“It’s amazing how many people come in here and say, ‘Why do they have a restaurant in a drugstore?’” manager Don Pinney says. “And I’m like, ‘Where have you been?’ There’s people my age who’ve never eaten in a drugstore.”
Pinney, 46, has a hard time getting over that fact. He’s been a part of Sutton’s since he was 13 years old, when he started helping clean up around the store. His father, Jan, worked in Sutton’s toy store downstairs, and his mother, Jean, worked at Sutton’s cosmetic counter.
Yes, Don Pinney is a Tar Heel.
Pinney has done it all at Sutton’s: cleaning, waiting on customers, cooking, and now managing. He learned his cooking skills from a Sutton’s staple, Willie Mae Houk, who made him grilled cheeses as a child. Pinney points to a bent frying pan mounted on the wall behind the counter.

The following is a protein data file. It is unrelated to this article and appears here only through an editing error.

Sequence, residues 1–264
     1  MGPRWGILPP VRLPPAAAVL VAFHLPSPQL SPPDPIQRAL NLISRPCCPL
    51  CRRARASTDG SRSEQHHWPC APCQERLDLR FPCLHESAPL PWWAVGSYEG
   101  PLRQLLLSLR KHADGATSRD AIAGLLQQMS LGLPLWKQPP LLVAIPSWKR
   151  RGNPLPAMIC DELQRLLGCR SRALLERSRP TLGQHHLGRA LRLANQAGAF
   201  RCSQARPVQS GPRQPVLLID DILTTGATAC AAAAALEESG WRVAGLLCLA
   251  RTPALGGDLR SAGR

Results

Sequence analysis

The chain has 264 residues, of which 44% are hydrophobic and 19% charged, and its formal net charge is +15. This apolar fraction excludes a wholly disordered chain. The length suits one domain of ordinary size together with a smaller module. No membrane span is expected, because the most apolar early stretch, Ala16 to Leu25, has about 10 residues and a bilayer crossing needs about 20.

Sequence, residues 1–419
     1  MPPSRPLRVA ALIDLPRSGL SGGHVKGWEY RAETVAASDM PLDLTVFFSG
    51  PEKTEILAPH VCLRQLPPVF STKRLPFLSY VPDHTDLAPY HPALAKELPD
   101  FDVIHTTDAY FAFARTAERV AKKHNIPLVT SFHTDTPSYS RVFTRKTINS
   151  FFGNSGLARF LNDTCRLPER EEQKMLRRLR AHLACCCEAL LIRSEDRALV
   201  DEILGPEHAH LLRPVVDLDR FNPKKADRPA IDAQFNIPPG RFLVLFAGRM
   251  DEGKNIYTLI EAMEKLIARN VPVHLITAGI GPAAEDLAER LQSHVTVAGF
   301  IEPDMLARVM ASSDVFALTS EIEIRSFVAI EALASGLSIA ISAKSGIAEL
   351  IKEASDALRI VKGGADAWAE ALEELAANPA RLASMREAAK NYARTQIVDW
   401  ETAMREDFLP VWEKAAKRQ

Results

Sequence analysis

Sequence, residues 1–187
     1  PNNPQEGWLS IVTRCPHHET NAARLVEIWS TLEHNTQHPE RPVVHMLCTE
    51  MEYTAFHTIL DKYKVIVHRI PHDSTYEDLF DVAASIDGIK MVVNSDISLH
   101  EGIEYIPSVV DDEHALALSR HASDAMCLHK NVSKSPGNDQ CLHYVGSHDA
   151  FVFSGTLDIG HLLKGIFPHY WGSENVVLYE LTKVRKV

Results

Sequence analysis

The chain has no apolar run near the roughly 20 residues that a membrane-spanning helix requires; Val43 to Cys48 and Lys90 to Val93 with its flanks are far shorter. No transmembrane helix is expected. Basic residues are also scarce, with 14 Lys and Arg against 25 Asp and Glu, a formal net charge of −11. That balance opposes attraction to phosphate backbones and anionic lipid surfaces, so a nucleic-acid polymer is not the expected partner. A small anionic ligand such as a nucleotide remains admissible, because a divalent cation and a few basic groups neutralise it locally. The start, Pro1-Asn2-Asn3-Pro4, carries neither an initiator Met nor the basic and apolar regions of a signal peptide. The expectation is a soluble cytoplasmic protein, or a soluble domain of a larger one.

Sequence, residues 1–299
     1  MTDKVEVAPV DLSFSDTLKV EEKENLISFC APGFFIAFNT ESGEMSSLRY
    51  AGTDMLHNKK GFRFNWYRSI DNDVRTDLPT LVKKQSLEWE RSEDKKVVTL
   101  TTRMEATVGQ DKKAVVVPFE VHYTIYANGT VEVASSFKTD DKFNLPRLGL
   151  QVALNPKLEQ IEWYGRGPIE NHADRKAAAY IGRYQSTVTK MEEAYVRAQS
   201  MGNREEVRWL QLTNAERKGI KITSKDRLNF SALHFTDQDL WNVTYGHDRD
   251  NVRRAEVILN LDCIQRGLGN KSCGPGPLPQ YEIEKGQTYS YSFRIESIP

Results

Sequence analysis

“She cooked in that same pan for 32 years,” Pinney says. The plaque beneath it reads: “In memory, Willie Mae Houk, 32 years of service, Sutton’s Drug Store, 1956-1988.”
Yes, Willie Mae Houk is a Tar Heel.
Customers dine at the counter or at one of the red-and-yellow booths; seating maxes out at 60. The laminated menu lists items that remind you you’re in a Chapel Hill institution. There’s the Dean Dome Deluxe (chicken salad, Swiss cheese, lettuce, and spicy mustard) or My Blue Heaven (roast beef, Provolone cheese, lettuce, tomato, and mayonnaise). One of the best sellers is Roy’s Reuben with corned beef, Swiss cheese, sauerkraut, and Thousand Island dressing. Maybe it’s because people love corned beef, or maybe it’s that basketball coach Roy Williams’s way is the law of the land around here. But it’s the burgers that keep Sutton’s staff hopping.